A survey of consumer packaged goods (CPG) manufacturers has that robots are not being used to their full potential in processing lines.

Today’s smaller, more flexible and connectible robots can help manufacturers get beyond their integration shortcomings.
Today’s smaller, more flexible and connectible robots can help manufacturers get beyond their integration shortcomings.

By: Claudia Jarrett, US country manager, EU Automation

The meat packing industry has been particularly affected by COVID-19. Recent figures by the Centers for Disease Control and Prevention (CDC). counted 16,233 positive cases of coronavirus among US meat processing plant workers, across 23 states.

Despite this, manufacturers are not using automation and robots to their full potential to reduce the number of workers on the factory floor and protect the safety of those who remain. This is confirmed by a white paper by PMMI Business Intelligence, Automation Timeline: The Drive Toward 4.0 Connectivity in Packaging and Processing, which found that robots are being underused on meat processing lines.

According to PMMI Business Intelligence, robots are being used mostly in just a handful of areas like secondary packaging and palletizing. The reason? Manufacturers fail to realize the potential of robots beyond end-of-the-line processes. The white paper states that many manufacturers are stuck in an “end-of-line” box: “They are hard-pressed to envision robotics applications outside of traditional roles in secondary packaging and palletizing.”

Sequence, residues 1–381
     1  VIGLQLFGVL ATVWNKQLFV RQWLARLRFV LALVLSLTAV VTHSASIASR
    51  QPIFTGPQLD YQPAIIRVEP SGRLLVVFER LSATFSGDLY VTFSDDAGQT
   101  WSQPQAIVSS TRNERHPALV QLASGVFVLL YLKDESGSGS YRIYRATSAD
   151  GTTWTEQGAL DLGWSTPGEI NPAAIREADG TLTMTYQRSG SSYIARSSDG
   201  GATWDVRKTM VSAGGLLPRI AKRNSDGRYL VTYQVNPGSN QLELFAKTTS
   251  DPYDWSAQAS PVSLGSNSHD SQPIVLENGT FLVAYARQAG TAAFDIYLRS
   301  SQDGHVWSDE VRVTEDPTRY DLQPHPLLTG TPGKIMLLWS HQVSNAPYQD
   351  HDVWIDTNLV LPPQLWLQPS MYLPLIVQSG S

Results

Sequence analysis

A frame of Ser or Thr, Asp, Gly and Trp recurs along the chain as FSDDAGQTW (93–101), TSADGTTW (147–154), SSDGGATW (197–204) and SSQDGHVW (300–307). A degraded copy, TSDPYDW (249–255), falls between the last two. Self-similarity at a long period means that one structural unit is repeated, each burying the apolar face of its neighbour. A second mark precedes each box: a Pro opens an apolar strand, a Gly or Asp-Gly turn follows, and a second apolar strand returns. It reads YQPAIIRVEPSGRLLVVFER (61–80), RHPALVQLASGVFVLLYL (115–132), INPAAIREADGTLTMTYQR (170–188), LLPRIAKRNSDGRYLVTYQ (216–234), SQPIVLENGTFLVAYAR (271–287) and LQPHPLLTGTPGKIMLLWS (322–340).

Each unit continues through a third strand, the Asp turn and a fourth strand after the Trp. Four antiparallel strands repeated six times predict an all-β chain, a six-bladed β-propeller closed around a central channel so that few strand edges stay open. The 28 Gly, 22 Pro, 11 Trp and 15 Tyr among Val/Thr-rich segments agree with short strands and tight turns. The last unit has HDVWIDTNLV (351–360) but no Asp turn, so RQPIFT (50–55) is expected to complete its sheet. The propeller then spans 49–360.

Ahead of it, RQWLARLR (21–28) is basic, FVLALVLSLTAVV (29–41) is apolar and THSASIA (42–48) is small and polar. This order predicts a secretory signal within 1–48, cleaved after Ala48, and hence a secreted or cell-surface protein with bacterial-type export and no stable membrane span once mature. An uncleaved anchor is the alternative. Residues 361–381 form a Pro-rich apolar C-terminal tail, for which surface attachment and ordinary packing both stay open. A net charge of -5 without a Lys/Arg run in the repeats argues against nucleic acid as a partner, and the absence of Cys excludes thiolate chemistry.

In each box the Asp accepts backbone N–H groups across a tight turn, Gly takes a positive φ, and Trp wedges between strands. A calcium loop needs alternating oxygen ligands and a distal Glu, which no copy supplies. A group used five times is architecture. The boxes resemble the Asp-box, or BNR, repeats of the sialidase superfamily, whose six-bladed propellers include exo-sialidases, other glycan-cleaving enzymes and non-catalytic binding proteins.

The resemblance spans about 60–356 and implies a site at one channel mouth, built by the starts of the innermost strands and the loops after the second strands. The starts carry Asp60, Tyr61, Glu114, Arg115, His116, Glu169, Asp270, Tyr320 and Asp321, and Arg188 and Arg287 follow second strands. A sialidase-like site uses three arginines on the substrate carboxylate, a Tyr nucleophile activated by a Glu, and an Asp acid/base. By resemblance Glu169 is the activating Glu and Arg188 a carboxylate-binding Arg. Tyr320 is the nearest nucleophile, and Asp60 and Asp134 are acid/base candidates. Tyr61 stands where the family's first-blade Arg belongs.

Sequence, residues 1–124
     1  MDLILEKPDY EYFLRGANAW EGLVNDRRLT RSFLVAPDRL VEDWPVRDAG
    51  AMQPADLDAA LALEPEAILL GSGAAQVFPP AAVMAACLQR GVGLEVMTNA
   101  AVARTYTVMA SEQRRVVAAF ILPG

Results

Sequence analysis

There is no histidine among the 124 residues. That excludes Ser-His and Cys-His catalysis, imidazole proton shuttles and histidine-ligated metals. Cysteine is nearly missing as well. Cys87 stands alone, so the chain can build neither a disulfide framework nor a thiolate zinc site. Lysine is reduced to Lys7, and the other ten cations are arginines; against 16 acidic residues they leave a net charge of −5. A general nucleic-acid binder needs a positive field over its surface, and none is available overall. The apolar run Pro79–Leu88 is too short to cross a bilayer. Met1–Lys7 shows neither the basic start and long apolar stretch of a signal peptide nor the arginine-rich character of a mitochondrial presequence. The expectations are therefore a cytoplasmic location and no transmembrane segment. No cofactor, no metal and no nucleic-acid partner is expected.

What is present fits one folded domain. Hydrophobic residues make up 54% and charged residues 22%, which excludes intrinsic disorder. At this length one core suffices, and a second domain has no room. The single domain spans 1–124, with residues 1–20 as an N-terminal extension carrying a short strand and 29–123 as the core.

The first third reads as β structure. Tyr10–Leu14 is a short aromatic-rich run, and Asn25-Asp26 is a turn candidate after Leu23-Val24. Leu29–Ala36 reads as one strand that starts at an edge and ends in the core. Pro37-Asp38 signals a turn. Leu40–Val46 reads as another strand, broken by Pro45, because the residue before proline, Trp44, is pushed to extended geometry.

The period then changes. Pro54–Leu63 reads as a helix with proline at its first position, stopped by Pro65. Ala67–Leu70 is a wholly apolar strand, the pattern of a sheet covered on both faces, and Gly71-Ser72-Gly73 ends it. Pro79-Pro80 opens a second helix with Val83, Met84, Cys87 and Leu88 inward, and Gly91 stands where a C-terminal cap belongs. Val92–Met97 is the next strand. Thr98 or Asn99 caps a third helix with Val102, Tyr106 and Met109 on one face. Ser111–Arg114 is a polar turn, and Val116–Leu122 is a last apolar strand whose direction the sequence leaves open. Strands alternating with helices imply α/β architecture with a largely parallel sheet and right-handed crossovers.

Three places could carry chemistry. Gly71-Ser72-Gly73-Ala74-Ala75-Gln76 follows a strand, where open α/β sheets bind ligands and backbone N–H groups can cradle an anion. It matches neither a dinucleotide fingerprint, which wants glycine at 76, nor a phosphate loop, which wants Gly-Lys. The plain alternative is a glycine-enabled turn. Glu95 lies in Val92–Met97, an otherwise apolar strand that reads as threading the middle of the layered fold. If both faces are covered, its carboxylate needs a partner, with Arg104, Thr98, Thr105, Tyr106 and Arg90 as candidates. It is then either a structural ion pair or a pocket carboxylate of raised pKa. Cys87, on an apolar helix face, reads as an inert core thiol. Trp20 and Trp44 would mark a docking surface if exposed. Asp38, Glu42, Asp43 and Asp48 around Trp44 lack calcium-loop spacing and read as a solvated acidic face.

Among the CPG manufacturers surveyed by PMMI, only 13 per cent said they used robots in depalletizing processes. 20 per cent used robots in product handling, seven per cent in product processing, and 20 per cent in filling, dosing and pick-and-place applications. It was apparent that this underuse would also continue in the manufacturers’ planned future projects.

The failure of CPGs to fully-utilize their robots not only has consequences for the production line, but also workers’ safety. As the pandemic continues, it’s increasingly clear that robots are key to safeguarding workers safety. PwC’s COVID-19: What it means for industrial manufacturing report, for instance, recommends that plants should turn to automation to reduce the number of workers on the factory floor.

To make this a reality, meat processing plants must realize that designs and capabilities of robots have evolved beyond end-of-line applications.

More flexible

So, how can managers think outside of the box in how they deploy robots and cobots? For a start, they must overcome some negative misconceptions. First, that robots are a daunting financial investment, when they needn’t be.

Second, plant managers are concerned if robots can fit into their existing ways of doing things. Worries might include having to deal with unfamiliar programming languages, or the added cost and disruption of needing the help of third-party integrators. This is where original equipment manufacturers (OEMs), suppliers and integrators — or an automation parts suppliers like EU Automation — can offer valuable guidance.